Experts have recreated a “striking” image of Mary, Queen of Scots, at the time of her reign. A team from Dundee University was commissioned to recreate a 3D virtual sculpture of Mary’s face for a new exhibition opening today in the National Museum of Scotland, Edinburgh. The results show not a classic beauty but someone with a large nose and strong chin. However, the paleness of her skin, her red hair and strong features meant she did have a very striking appearance, according to Professor Caroline Wilkinson from the Forensic and Medical Art Research Group. As there are no portraits from the time of her reign, the Professor worked from earlier and later images. Digital artist Janice Aitken sculpted clothing and hair, then added textures and lighting. Normally, the process of craniofacial reconstruction would start by examining skeletal remains but the circumstances meant the team had a different challenge, with the model being more of an artistic than scientific representation. Professor Wilkinson said: “This was a difficult time for her, so we wanted to show the stresses and strains of life on her face.”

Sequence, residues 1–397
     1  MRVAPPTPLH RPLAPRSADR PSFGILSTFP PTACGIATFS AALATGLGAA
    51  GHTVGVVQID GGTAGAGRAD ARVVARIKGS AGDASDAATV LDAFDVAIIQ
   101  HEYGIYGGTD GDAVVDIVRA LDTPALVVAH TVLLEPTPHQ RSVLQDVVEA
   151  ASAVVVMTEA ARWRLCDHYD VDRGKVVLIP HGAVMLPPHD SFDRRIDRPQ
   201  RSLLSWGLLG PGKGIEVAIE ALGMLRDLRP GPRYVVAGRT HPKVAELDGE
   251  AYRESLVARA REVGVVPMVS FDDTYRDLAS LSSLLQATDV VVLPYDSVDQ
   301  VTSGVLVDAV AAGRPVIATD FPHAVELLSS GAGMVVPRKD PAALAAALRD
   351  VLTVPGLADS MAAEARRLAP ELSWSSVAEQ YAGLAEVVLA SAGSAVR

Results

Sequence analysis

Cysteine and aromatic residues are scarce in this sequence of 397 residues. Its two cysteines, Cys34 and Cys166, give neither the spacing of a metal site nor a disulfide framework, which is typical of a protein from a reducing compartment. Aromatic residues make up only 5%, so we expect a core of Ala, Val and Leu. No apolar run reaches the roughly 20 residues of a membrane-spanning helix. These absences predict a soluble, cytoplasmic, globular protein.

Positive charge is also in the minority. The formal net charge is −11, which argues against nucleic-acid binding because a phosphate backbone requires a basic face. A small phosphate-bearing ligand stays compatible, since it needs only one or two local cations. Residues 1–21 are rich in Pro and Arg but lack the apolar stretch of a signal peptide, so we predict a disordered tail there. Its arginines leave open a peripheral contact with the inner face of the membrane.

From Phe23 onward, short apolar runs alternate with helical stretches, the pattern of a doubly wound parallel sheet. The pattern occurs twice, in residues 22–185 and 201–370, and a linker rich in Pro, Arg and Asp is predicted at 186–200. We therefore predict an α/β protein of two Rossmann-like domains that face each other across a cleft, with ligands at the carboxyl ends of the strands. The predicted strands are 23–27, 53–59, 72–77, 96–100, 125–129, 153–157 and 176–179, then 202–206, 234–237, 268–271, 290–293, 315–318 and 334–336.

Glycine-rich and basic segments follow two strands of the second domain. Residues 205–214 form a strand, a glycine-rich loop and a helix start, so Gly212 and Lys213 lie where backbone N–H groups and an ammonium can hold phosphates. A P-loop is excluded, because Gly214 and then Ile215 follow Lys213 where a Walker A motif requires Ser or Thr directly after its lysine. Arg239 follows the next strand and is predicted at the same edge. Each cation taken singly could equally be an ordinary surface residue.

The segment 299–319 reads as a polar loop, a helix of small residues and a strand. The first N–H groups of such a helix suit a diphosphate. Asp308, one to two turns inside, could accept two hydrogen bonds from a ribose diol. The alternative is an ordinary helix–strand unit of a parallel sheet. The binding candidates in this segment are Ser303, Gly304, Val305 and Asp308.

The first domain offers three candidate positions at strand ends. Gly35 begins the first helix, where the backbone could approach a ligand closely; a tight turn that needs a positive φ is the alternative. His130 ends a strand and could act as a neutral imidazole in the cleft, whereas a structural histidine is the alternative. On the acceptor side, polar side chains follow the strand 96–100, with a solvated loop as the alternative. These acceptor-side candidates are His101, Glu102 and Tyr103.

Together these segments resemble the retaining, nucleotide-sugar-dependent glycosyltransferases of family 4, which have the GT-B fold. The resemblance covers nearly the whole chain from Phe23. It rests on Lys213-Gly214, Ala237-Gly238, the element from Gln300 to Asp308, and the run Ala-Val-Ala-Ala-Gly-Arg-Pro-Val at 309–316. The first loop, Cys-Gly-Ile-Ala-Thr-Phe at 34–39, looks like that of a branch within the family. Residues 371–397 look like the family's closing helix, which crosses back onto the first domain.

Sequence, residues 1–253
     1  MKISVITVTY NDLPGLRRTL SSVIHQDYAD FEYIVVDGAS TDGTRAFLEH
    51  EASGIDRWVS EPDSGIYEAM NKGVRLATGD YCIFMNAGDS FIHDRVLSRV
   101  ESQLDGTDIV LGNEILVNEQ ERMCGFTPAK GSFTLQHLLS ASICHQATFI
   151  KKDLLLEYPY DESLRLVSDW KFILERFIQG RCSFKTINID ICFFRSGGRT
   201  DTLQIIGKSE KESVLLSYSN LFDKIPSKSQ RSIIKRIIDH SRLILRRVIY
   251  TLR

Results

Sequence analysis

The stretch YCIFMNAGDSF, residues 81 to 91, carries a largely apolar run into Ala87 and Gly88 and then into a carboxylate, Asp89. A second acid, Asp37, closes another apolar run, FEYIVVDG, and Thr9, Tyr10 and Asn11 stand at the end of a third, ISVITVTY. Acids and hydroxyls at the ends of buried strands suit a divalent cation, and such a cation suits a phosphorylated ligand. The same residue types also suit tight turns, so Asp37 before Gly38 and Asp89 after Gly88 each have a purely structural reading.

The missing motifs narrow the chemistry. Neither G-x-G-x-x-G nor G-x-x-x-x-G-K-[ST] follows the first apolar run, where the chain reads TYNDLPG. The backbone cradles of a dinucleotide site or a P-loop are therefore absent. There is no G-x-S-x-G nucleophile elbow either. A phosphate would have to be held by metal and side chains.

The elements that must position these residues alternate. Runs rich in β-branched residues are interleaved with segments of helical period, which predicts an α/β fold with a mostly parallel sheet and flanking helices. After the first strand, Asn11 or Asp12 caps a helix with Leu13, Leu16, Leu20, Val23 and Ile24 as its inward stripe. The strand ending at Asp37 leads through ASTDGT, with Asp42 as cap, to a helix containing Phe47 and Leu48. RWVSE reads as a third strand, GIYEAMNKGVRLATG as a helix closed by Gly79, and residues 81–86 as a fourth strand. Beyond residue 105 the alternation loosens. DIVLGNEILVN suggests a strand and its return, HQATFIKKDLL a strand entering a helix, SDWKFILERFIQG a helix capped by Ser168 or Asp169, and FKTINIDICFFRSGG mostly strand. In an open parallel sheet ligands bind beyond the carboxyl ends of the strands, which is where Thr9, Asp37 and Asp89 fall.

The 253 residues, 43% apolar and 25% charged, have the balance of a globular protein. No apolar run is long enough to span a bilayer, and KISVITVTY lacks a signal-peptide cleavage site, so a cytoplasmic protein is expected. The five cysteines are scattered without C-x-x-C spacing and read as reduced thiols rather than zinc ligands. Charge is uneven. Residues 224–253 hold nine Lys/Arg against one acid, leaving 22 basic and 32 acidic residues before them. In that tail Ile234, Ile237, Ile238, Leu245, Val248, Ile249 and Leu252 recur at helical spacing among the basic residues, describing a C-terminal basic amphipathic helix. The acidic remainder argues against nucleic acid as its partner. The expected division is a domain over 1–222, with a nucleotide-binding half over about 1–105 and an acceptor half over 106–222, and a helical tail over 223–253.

A new animated facial reconstruction of Robert Burns reciting one of his own poems has been created to mark the anniversary of his birth.Liverpool John Moores University (LJMU) Face Lab, the University of Dundee and Dimensional Imaging (DI4D) in Glasgow worked with Scottish poet Rab Wilson to create an animation of Burns performing To a Mouse.The initial work began in 2010 Wilson worked with Professor of Craniofacial Identification Caroline Wilkinson to depict ‘the living face’ of Robert Burns.Face Lab at LJMU revisited the depiction in 2016 and recreated the face using the latest 3D digital technology from a partial cast of Burns’ skull, along with documentation of the Bard, portraits, silhouettes and written descriptions.Wilson was recorded reciting To a Mouse using DI4D’s Facial Motion Capture System and was then transferred to the 3D digital model of Burns. Wilson’s voice was then added to the final animation.The animation will be screened at the Scottish National Portrait Gallery in Edinburgh on Burns Day.Prof Wilkinson said: “This real-life animation of Robert Burns has brought the poetry of this Scots Bard back to life for generations to come. It will help to promote Scottish culture and to visualise his charismatic and creative personality.“To see Burns reciting his own poetry was a remarkable moment.”LJMU said the techniques have the potential to transform the way people interact with historical figures.Prof Wilkinson added: “Face Lab’s facial animation research is important as there is potential to apply facial animation techniques to animate faces of people from the past produced via facial reconstruction from human remains.“In the future you may be able to interact with people from history digitally, listen to them speak, recite literature or guide you around a museum exhibit as a virtual avatar.“There is potential to animate other high profile historical facial depictions including William Shakespeare, St Nicholas, King Richard III or Robert the Bruce.”